Our current freedom from the scourge of a variety of diseases that used to kill and harm many people is due to widespread and often mandated vaccination or other public health measures. Smallpox was eradicated in the 1970s due to widespread vaccination. Polio has almost been eradicated due to widespread vaccination. The impact of measles has been greatly reduced due to widespread vaccination. In each case, vaccination requirements have played a role, either requirements imposed on school children as a condition of enrollment or, as in the case of the fight against smallpox in Massachusetts, wider requirements. Those who refuse vaccination against these diseases, and others, are free-loading on the submission of countless others to public health requirements to be vaccinated.
There are also requirements that are analogous to requiring vaccination. Many states have imposed legal requirements to wear face masks when in public, justified by public health concerns during the COVID-19 pandemic. Many if not most jurisdictions require drivers to wear seatbelts and motorcyclists to wear helmets at least partly out of public health concerns.
It is true that vaccination involves a physical intrusion into the body, and there are very few legal requirements to submit to such intrusions as opposed to penalties if one does not. But there are clearly laws which allow physical intrusion. Police can, provided they obtain a search warrant, conduct body cavity searches to search for evidence of a crime such as drug possession. They can conduct body cavity searches at a border or airport without a search warrant. Drivers can be required to submit to a breath test or a blood test if they are suspected of driving while intoxicated. Perhaps the closest analogy to requirements to be vaccinated are the laws that allow forced medication of a psychotic patient to render him competent to be tried for his crime.
Of course, one could argue that all such requirements are illegitimate, so the existence of these laws can only show that a law requiring actual vaccination would not be unprecedented.
Without taking a stand on laws permitting forced vaccination we will be dealing exclusively with laws which require vaccination under penalty of fine or imprisonment.
Our argument rests on the harms and risks of harm created by not getting vaccinated, or by not having one’s children vaccinated. In general, we think, a state is justified to prohibit behavior that seriously harms, or creates significant risk of serious harm to others — where, again, by “harming someone” we mean to wrongfully set back an interest of theirs that they have a right to have protected.
Are there exceptions, cases in which a state would not be permitted to prohibit behavior even though it would seriously harm others or create a serious risk of harm to others? Can we be required to donate blood if we have a blood type that is in short supply? Not donating does not harm anyone, it only fails to help them. So the harm principle does not clearly apply. Requiring the donation is not requiring us not to harm others. Can we legitimately be prohibited from driving since in driving we set back the interests of other people who use the roads by creating a risk of injury, property damage, or death? We don’t think that it is wrong to create such a risk simply by driving, so we don’t think we harm other people simply by driving. But we think we would harm other people by driving in a reckless manner or by driving while intoxicated. And we are legitimately required by law not to drive in these ways. We are required to do what we can to reduce the risk of harming others when we drive. We think it would similarly be legitimate to require people by law to reduce the risk of infecting others by getting vaccinated.
What specifically are the harms and risks of non-vaccination. We think there are five. First, non-vaccinators create a risk that they will transmit the disease to others if they get it. Second they actually do harm these others if they get the disease and transmit it. Third, they are weakening the community’s protective herd immunity, or reducing the chance that the community will achieve herd immunity, even if only to a small degree, which increases the risk to everyone that the disease will spread in the population. (Herd immunity exists when enough people in a population have achieved immunity to the disease, either through vaccination or infection, to make its spread unlikely.) Fourth, if herd immunity has been established in the community due to the behavior of others, who have gone to the trouble of getting vaccinated, the non-vaccinators are free-loading. Finally, fifth, if the non-vaccinators have children and refuse to vaccinate them, then they are creating a risk to their children. For if the factual preconditions we mentioned at the outset are true, we are dealing with a disease that is significantly worse than any risk from the vaccine.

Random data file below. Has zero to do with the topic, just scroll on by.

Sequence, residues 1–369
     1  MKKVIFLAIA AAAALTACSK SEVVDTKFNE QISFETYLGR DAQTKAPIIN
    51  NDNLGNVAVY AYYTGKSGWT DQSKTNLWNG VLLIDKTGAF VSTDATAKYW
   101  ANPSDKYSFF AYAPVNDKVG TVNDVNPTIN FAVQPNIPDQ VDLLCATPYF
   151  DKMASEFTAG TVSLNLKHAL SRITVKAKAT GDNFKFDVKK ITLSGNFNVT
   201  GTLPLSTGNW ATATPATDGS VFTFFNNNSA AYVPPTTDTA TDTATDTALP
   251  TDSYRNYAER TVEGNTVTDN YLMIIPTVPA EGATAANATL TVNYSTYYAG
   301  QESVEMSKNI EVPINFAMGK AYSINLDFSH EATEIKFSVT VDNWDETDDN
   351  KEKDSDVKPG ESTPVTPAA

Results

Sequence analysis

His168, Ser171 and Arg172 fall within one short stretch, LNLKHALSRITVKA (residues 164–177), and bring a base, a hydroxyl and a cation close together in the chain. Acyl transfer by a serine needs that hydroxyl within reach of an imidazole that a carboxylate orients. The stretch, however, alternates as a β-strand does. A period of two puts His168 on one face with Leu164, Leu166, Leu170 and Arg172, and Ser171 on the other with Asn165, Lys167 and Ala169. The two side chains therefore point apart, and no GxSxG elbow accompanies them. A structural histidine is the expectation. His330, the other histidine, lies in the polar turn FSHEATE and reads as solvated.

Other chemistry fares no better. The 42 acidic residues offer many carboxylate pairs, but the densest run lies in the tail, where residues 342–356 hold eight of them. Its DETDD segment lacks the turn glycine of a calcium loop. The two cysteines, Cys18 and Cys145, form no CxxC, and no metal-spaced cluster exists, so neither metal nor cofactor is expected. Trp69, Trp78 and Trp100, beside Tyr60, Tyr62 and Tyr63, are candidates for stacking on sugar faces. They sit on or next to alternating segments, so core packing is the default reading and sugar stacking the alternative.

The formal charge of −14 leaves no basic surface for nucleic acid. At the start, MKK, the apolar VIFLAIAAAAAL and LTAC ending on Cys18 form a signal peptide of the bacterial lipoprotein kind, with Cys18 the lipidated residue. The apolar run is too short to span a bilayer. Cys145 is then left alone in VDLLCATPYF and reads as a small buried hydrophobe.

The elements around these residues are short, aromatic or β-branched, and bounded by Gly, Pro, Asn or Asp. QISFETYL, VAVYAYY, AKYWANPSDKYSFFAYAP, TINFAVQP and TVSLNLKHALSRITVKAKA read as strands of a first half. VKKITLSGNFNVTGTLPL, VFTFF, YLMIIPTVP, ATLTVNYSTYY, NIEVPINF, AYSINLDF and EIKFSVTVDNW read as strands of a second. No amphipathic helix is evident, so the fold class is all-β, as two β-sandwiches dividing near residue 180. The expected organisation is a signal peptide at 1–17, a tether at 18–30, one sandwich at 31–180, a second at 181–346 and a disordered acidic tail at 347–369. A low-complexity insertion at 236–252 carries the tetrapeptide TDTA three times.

In a public health emergency involving a disease like COVID-19, the harms and risks of harm are greater. For herd immunity has not been achieved and the disease is actively spreading in the community. Once there is a vaccine, herd immunity can be achieved, but only if enough people get vaccinated. Not getting vaccinated reduces the chance that the community will achieve herd immunity, which increases the risk to everyone that the disease will continue to spread in the population. Also non-vaccinators are at serious risk of getting the disease and, if they do, there is the risk that they will transmit it to others.
These harms and risks can be somewhat mitigated if non-vaccinators quarantine themselves, so a requirement to accept vaccination could provide the alternative of quarantine. It might require a person either to accept vaccination or to be quarantined.
All in all, then, we think that the harm principle would justify the state in requiring people to accept vaccination provided that the factual preconditions we mentioned earlier are met. Note that a person who cannot safely be vaccinated for some reason must be exempted from the requirement. This is because one of the key preconditions is that the vaccine promises to bring a significant benefit to the person who is vaccinated and little risk.
So much for the legitimacy issue. We now turn to the public policy issue. Granted that it would be legitimate, we still must face the question whether it would be good public policy to require vaccination. The fundamental standard to use, in thinking about this, we think, is a kind of efficiency standard. Would a given proposed policy regarding vaccination be reasonably expected to lead the society in question to achieve, or would it significantly help the society to achieve, or to sustain, herd immunity?